Updated: May 30, 2020
When being in a hurry to reach a competition or clinic, it can be very frustrating to experience our horse not wanting to load. This type of scenario often ends with several people trying to force the horse into the trailer. This might get said horse inside the trailer, but not in a good way as the pressure will happen on the way into the trailer. Horses seek towards the least amount of pressure. Forcing horses to load, or trying to do so, will make them associate the trailer with pressure. Trailer loading is then something the horse will be even more reluctant to do.
How to trailer load a horse without using force
The first advice is: Do not trailer load when in a hurry, practice when there`s plenty of time. It`s important to give the horse time to find relaxation on the ramp and inside the trailer. It`s also beneficial to not teach the horse new stuff when trailer loading. Use cues and patterns of movement (both physical and mental) the horse already knows.
Another thing that helps is to break the trailer loading down into separate parts and practice each part beforehand. There are a couple of things horses benefit from knowing before trailer loading:
1. How to respond to pressure on the lead rope. The horse needs to be able to move forward off pressure in the lead rope as well as backwards.
2. Get rid of claustrophobia! If a horse becomes anxious when walking through narrow doorways or when being close to walls, he or she is definitely going to be anxious when inside a trailer. By sending the horse between ourselves and a wall, until the horse is confident, the horse will better cope with the circumstances inside the trailer. Finding relaxation and confidence in narrow doorways can also help.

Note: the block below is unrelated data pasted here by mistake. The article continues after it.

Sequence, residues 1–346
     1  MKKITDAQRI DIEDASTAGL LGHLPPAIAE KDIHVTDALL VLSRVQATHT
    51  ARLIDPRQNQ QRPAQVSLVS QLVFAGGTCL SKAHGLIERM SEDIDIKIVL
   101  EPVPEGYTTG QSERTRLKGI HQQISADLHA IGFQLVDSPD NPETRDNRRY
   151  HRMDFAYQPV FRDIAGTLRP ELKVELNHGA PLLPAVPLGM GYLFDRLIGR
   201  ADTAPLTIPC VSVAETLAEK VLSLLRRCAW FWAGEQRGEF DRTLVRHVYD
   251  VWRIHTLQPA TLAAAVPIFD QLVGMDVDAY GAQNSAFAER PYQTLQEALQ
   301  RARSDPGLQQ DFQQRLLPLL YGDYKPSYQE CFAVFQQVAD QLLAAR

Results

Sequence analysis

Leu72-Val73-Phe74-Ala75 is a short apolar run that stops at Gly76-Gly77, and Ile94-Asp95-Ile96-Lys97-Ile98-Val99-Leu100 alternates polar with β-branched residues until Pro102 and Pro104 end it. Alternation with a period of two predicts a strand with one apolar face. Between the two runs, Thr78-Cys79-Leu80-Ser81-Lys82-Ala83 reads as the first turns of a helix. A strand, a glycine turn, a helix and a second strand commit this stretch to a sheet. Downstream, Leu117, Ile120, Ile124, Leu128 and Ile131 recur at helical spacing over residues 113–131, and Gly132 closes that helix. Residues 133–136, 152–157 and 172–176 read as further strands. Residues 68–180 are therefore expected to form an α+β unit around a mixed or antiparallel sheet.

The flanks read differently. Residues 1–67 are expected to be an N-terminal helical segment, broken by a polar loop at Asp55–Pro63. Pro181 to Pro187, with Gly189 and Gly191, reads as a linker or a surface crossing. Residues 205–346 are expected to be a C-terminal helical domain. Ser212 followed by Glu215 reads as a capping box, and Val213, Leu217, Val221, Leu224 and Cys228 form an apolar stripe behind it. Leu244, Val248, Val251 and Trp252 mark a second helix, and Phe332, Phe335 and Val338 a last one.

3. How to handle unfamiliar ground layer. The ramp of the trailer is different from solid ground. Teaching horses to be comfortable when walking over and standing on a tarp, is a great way to help them handle unfamiliar ground layer. The article, Why horses spook and what to do about it, has some great tips on how to go about this.
It is also advisable to:
Be prepared for shit hitting the fan!
My program is about being able to help a horse calm down when being anxious, it is not about keeping horses calm at all times.
Keeping a horse calm at all times is unrealistic. Life in general, both for horses and humans, is not something you walk through being calm at all times. Being able to find relaxation after being up is, on the other hand, a good thing that I practice a lot. In other words: “being prepared for when the shit hits the fan.”
In the video below, the shit hit the fan, so to say. When trailer loading, the horse spooked and bolted off. However, since the groundwork I have taught him involves being able to stop by turning the hind end over, that was something I could ask him to do in the exited situation. In this manner, he kind of stopped himself. Afterwards, I allowed him to rest on the ramp of the trailer and find relaxation there.
From there on, the whole thing was easy going as the horse had put himself to work away from the trailer which contrasted to finding relaxation on the ramp.
Think of the loading process as making pressure and work happen outside the trailer, while rest and relaxation happen inside the trailer. Horse seek and move towards the least amount of pressure and will be drawn by the trailer when the least amount of pressure happens there.
Celebrate and reward any progress!
The easiest path to success with trailer loading is to reward and acknowledge any improvement, even though the horse doesn`t go all the way into the trailer. If a horse scared of the ramp becomes confident on the ramp, you can end the session when the horse is relaxing on the ramp. Just as progress is made when a horse scared of the trailer 50 meters away, finds relaxation close to the trailer.
By building on progress and improvement, rather than trying to force a horse into the trailer, both you and your horse will gain confidence and eventually succeed.
Welcome to watch the video below showing how I trailer load a young horse that hasn`t been trailer loaded before:
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